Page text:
Login infrastructure

Direct login is possible to both login nodes.

  • From outside the VSC network: use the external interface names. Outside of Belgium, a VPN connection to the UAntwerp network is required.
  • From inside the VSC network (e.g., another VSC cluster): use the internal interface names.
External interface Internal interface
Login generic

Characteristics of the compute nodes

Since Vaughan is currently a homogeneous system with respect to CPU type, memory and interconnect, it is not needed to specify the corresponding properties (see also the page on specifying resources, output files and notifications).

Vaughan is running Slurm Workload Manager as the resource manager and scheduler. We do not support the PBS compatibility layer but encourage users to develop proper Slurm job scripts as one can then fully exploit the Slurm features and enjoy the power of the srun command when starting processes.

property explanation
r1, r2, r3 Nodes in the first, second or third island of compute nodes.
Use --constraint=[r1|r2|r3] to make sure that all nodes are allocated in a single island.

Compiling for Vaughan

To compile code for Vaughan, all intel, foss and GCC modules can be used (the latter equivalent to foss but without MPI and the math libraries).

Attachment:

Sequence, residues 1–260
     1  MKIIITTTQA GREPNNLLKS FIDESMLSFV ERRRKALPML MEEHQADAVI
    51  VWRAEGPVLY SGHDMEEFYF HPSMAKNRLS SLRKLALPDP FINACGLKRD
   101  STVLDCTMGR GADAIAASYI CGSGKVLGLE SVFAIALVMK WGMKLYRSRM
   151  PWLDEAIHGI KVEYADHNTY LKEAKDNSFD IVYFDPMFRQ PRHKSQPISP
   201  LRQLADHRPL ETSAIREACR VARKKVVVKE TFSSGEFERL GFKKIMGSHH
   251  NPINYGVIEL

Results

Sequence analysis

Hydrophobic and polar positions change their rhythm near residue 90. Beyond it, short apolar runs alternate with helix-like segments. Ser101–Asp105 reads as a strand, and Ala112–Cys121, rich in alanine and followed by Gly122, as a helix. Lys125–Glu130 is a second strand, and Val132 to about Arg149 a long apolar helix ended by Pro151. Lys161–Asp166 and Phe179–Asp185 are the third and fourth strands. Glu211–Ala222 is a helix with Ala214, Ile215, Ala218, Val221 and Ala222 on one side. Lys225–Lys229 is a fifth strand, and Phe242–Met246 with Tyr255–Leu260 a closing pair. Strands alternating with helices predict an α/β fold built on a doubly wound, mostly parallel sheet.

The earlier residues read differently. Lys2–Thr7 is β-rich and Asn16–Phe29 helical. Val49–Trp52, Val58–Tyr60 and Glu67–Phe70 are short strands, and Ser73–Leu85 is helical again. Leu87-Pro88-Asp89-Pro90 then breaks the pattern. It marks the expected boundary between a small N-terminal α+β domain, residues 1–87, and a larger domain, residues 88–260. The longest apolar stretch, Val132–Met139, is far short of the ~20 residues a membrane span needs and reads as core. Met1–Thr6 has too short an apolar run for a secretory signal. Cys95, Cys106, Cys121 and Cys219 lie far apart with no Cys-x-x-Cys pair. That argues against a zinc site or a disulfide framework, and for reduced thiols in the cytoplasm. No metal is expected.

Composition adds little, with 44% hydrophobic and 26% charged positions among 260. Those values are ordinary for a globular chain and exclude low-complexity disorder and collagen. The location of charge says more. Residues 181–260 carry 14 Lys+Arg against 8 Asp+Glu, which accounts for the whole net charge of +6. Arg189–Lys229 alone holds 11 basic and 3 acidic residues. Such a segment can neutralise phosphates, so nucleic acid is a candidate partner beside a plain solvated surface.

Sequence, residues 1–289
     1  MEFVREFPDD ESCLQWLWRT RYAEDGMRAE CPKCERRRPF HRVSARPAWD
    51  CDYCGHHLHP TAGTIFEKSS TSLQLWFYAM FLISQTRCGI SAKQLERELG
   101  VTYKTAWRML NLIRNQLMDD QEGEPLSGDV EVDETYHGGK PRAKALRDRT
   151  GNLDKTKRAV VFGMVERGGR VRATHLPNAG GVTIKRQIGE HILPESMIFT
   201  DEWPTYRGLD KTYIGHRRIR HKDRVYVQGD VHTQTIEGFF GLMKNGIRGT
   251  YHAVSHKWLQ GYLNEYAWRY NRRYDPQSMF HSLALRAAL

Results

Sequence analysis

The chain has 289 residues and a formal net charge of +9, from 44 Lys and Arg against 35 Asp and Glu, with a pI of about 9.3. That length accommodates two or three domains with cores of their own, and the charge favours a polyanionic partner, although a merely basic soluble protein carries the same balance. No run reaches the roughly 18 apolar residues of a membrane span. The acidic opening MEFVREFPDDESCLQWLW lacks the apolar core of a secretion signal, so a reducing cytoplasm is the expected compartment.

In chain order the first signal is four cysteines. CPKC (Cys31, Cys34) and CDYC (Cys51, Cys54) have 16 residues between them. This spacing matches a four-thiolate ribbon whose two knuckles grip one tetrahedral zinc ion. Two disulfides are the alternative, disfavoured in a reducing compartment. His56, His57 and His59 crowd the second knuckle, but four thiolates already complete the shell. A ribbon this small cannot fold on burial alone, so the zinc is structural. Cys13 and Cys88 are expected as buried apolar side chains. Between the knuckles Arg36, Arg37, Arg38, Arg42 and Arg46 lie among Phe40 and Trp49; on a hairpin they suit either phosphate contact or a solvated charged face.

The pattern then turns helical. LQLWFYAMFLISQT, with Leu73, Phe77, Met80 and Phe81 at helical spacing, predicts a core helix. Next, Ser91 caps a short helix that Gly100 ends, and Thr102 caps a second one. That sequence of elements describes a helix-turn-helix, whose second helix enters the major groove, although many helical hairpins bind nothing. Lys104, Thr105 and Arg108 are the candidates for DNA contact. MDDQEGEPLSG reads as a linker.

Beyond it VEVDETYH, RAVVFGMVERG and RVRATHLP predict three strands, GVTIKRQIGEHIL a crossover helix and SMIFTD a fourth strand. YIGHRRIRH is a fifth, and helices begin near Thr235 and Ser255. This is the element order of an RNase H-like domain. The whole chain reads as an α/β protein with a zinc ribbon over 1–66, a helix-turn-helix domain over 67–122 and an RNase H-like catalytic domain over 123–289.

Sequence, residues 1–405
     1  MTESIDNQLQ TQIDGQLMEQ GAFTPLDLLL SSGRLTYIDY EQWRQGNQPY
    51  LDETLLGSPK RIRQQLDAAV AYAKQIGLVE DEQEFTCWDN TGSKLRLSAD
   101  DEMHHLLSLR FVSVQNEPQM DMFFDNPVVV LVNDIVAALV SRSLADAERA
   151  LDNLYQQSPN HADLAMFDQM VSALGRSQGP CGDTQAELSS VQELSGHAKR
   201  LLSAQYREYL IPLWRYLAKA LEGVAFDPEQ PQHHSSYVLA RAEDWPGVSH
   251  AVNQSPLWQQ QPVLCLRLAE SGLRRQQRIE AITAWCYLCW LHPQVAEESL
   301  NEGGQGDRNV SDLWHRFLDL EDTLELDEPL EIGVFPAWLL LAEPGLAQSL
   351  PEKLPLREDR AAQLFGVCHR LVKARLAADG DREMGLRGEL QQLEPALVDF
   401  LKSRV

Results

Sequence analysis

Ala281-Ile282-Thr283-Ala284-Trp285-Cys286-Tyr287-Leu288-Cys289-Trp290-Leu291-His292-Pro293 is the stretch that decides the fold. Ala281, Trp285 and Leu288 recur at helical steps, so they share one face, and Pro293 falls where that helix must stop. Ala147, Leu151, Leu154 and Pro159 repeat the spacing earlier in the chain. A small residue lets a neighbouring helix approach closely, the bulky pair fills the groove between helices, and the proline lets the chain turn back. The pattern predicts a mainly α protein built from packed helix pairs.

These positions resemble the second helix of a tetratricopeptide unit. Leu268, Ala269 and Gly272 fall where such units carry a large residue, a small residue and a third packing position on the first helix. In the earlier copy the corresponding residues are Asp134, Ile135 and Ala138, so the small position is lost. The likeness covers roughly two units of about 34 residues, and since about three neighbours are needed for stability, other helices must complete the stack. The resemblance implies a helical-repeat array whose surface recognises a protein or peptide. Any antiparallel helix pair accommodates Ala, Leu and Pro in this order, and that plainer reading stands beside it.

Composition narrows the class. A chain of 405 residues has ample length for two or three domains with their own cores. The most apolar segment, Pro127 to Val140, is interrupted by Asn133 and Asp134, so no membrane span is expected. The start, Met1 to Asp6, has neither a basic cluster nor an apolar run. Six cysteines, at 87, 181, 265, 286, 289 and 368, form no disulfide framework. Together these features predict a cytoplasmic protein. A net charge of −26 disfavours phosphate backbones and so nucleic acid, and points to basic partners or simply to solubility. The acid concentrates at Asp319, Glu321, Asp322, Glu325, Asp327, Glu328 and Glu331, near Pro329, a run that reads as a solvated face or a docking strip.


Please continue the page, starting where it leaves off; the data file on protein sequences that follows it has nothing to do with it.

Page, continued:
Optimization options for the Intel compilers

As the processors in Vaughan are made by AMD, there is no explicit support in the Intel compilers. However, by choosing the appropriate compiler options, the Intel compilers still produce very good code for Vaughan that will often beat code produced by GCC (certainly for Fortran codes as gfortran is a rather weak compiler). To optimize specifically for Vaughan, compile on one of the Vaughan login or compute nodes and combine the option -march=core-avx2 with either optimization level -O2 or -O3. For some codes, the additional optimizations at level -O3 actually produce slower code (often the case if the code contains many short loops).

Note that if you forget these options, the default for the Intel compilers is to generate code at optimization level -O2 (which is pretty good) but for the Pentium 4 (-march=pentium4) which uses none of the new instructions and hence also none of the vector instructions introduced since 2005, which is pretty bad. Hence always specify -march=core-avx2 (or any of the equivalent architecture options specifically for Broadwell for specialists) when compiling code.